An Idiot's Guide to LinkedIn Pulse Posts

I love LinkedIn. Or at least I used to.

It used to be an ideal way of sharing insights with other experts, keeping in touch with clients and improving your business’ visibility. Nowadays, not so much.

Here’s a genuine LinkedIn post from my feed.

What sort of sub-Facebook nonsense is this?

The crappy updates are only the tip of the LinkedIn shiteberg though. The real issue with LinkedIn in 2017 is Pulse posts. Cookie cutter nonsense in which dull people link arms and tell each other they’re so brilliant and insightful.

If you have nothing to say and 500 words in which to say it, one of these Pulse posts can be a great way of getting adulation from other pillocks. So here’s a quick idiot’s guide to writing a rubbish Pulse post:

Step One: Think of Something Obvious

This needs mass appeal, so it needs to be really obvious. Something literally everyone who reads it will have already thought of.

That might seem counter-intuitive, but think it through. A crap Pulse post is about getting people to comment “Agree!” and “Like!” and “u r a genius!” – and that means you need to make people think that they’re smart too. So tell them what they already know. Water is wet. Popes are Catholic. Clients like it when you spell their names right in emails.

If you have to think about the subject of your post for more than a minute, it’s too niche and insightful for mass appeal with the LinkedIn charlatan crowds. It might even be – horror of horrors – useful content that the rest of us would appreciate.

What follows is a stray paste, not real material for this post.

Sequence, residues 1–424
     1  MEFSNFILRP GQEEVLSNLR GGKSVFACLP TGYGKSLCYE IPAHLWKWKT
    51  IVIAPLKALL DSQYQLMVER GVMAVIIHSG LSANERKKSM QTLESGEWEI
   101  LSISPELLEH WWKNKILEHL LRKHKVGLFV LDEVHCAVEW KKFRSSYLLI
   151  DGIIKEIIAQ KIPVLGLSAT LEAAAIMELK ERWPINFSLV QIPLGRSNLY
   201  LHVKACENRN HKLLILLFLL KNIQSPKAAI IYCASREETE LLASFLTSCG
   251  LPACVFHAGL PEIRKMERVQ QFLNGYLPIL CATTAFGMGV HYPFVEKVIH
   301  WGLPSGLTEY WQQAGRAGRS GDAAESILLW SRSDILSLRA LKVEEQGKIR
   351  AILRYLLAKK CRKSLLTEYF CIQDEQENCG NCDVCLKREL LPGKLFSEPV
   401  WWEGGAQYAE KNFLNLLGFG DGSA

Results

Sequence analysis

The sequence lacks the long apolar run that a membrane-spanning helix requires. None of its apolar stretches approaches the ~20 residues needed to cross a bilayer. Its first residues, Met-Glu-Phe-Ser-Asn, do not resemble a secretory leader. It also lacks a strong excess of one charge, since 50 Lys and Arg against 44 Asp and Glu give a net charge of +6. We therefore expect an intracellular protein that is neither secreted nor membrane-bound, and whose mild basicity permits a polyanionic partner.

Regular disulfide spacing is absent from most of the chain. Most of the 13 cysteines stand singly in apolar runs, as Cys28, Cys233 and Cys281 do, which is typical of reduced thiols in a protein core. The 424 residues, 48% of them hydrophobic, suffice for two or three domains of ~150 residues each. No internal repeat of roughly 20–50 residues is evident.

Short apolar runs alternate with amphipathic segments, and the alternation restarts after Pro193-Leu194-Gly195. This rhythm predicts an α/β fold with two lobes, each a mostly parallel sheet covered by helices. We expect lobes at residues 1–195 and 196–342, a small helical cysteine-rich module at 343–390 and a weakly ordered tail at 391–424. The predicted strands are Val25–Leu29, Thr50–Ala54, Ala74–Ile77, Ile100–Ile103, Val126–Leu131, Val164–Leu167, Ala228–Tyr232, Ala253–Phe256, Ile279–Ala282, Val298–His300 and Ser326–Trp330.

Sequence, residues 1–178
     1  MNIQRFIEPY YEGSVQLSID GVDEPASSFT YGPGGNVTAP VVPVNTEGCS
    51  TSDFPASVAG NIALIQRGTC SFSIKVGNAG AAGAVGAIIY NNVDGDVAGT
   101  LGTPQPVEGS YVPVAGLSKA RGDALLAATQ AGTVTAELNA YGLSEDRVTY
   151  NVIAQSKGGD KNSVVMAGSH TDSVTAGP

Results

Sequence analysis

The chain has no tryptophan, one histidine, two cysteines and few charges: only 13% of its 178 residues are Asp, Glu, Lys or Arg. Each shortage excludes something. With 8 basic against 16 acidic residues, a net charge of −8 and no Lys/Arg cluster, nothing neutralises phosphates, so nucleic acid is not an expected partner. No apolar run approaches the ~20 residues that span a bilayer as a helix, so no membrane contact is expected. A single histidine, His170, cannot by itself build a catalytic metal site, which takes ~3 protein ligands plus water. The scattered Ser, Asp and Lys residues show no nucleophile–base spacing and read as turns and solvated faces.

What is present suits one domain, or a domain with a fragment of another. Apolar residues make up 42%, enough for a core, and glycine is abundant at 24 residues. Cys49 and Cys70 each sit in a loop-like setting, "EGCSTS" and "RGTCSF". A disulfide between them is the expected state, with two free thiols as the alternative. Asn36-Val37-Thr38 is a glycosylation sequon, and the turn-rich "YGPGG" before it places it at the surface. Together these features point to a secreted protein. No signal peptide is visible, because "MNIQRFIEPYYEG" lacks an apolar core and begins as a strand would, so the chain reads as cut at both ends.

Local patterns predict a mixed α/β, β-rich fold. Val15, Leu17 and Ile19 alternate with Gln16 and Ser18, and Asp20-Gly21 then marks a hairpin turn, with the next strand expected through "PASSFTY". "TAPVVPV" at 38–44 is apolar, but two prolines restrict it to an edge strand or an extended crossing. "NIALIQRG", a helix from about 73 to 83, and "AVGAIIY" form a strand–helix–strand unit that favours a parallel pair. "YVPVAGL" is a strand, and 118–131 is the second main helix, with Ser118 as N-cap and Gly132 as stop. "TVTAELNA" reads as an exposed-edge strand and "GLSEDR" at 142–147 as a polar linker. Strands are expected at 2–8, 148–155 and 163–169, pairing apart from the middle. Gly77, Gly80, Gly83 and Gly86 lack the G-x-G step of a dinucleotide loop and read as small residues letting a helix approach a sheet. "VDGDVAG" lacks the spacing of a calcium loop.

And you don’t want that.

Step Two: Pretend the Obvious is Insightful

Now we need to wrap the obvious in a comforting blanket of delusion.

It’s not enough to tell people what they already know. You need to make them believe that they’re insanely clever for knowing it. So dive into the big book of business-speak and craft a cliched title. You want buzzwords that mean nothing – words like “thought leader” and “business pioneer” and any portmanteau ending in “-preneur.”

Here are a few examples:

Only thought leaders understand this important fact about hydrology

Pioneering analysts share secrets about the Holy Father – only the top 1% of people know this!

If you’re already doing this in your emails, you could be an emailpreneur mastermind.

Wowsers trousers! I know water is wet! I must be a thought leader! I need to let the clever thought leader who wrote this that I am also a clever thought leader.

Ugh.

Step Three: Spam the Ever-Loving Effluent out of your Pulse Post

Start posting updates about your Pulse post. You need to post at least three updates to your feed about it within the first 20 minutes, in case the remnant of sensible LinkedIn users who you follow think that you’re not a complete muppet.

#then #you #need #to #hashtag #everything #as #if #you #were #an #attention-seeking #instagram #narcissist

#it #wont #help #but #it #makes #you #seem #web #literate

Now you’ve spammed your circle and thrown some hashtag chum in the water for the sharks who search via hashtags, it’s time to hit your groups.

LinkedIn groups ONLY exist for you to spam Pulse posts. They used to be for discussion and debate, but now they’re for Pulse posts. Which is great, because everyone who spams on groups keeps up the pretence that they’re not a broadcast only medium by posting comments saying “like” and “agree” and “you are a clever thought leader.”

And isn’t that the goal? Because the goal certainly can’t be to raise your profile, engender trust, or contribute to the sum total of human knowledge, can it?

If you want to see how LinkedIn posts should be done, how they need to have something to say and show genuine personality, look here and here.

But if you want idiots to pat you on the bottom and tell you you’re a special genius, just follow the instructions above. And don’t tag me in the post. #nothanks

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